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Prancing, Line Dancing At The Library

When you think of the library, the images that typically spring to mind involve stacks and rows of books, studious students studying silently away, and computer monitors silently humming away.

What you don’t expect to run into are a gaggle of high-spirited ladies tearing up the carpet while engaging in a fun and exciting line dancing class. But fostering that sort of activity on a weekly basis at the Massapequa Public Library’s Bar Harbour branch is just business as usual for North Babylon resident and dance enthusiast Sherry Palencia.

Palencia, who taught Spanish, English and English as a Second Language in the West Islip school district for 30 years before retiring in 1997, has been a Line Dancing instructor for over 35 years.

“I was born a dancer,” she said. “When I graduated from high school, my parents and I met with my guidance counselor and I was asked what I wanted to do...I told everyone that I wanted to be a dancer. But my mother threatened to break both my legs if I didn’t go to college and become a teacher.”

“My mother told me dancing is for weekends...so I think I’ve danced every weekend of my life!” Palencia added. “Plus, since I retired, I usually dance about five times a week as well.”

Eventually she discovered line dancing, and soon a life-long passion was developed; this became a passion that she sought to share with anyone who would care to partake of it with her. Wanting to take it out of the bars and pubs where it was primarily practiced, Palencia found it was an easy dance to modify with her own sense of individuality.

“Line dancing became popular in the 1980’s and it was a way to express yourself, by yourself...you didn’t have to depend on a partner, and there was a strong western theme,” Palencia said. “But it’s all changed now...the dancing is done to contemporary music, and it’s a lot more sophisticated than it used to be. There used to be perhaps 16 patterns, and it didn’t stray from that; now, we’re much more creative, because dancing is an art that grows.”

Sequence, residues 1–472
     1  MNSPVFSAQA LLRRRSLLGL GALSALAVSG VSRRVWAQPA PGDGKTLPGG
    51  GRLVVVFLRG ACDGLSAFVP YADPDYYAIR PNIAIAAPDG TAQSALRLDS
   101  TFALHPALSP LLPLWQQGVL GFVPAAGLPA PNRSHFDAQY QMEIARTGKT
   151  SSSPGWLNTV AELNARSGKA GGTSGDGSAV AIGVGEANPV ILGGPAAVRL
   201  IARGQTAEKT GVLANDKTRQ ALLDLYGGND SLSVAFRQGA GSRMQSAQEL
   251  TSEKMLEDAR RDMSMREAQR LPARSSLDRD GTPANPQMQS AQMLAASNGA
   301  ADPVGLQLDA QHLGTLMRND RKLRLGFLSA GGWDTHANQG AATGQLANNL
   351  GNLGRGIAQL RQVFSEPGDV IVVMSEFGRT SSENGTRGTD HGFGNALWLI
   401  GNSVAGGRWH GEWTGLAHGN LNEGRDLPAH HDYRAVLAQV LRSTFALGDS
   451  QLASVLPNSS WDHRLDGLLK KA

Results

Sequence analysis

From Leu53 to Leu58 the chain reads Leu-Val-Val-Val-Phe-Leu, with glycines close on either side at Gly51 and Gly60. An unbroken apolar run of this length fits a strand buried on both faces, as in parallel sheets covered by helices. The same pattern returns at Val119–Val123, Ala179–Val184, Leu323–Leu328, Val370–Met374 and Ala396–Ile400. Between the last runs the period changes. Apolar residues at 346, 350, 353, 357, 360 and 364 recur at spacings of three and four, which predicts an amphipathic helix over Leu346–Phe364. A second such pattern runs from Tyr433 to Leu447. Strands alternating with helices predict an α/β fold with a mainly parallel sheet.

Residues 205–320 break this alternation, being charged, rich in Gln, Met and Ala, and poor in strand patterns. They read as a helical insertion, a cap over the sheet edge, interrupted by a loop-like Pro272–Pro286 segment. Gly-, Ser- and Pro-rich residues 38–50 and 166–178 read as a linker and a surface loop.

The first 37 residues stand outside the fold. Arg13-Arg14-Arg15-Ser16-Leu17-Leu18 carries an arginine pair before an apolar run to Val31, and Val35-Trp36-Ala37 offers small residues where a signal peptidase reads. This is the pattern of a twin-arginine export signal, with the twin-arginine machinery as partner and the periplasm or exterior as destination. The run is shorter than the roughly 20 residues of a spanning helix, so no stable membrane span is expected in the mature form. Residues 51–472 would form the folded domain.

She developed her own Adult Education program based around line dancing; attendance soon skyrocketed, necessitating the eventual rental of a dance hall to handle all of her students.

Nowadays, Palencia has scaled down her teaching efforts to make time for her side gig, which is a tango dancing club; however, she still keeps busy with a large bunch of regulars line dancing once a week, exclusively running her class in Massapequa out of the Bar Harbour Library.

“Dancing is social, and we have a very good time...this is a social group, and that’s why they come back. They’ve become very friendly with one another,” she said. “Even though it’s not an optional situation - I don’t have wooden floors here – people still come, and this is a very beneficial class for older women who otherwise might just sit at home. This keeps you young, mentally and physically.”

East Meadow resident Reberta Kalachman has just been attending Palencia’s class for just a few months, but the experience has already left a pleasant, lasting impression on her.

“I think she’s one of the best teachers I’ve ever had,” she said. “She’s very funny and has a lot of personality, and she really loves what she does. She takes into account new people as well as the seasoned ones. I’ve been a dancer for about eight years, but Sherry really teaches much harder steps than I’m used to. It’s a challenge, but I love it.”

Mary Ellen Vahalia of Massapequa is a four year veteran of Palencia’s class, and in-between songs are clearly itching to get back to dancing as quickly as possible.

“It’s spectacular, it really is,” she said. “It’s just a wonderful class and a great outlet...it really gets you going!”

Massapequa native Ann Brack has been attending Palencia’s dance classes for almost 20 years and running, getting her start with her back when she used to run a weekly line dancing program at the beach.

“I started dancing with Sherry before I came to the library...I was at Jones Beach about 20 years ago, and Sherry used to teach a line dancing class there ever Wednesday night. She’s turned me into a danceaholic!” she said. “Sherry is the best...she’s taught most of the teachers on Long Island from way back. Most of the teachers here have gotten their start in classes by Sherry.”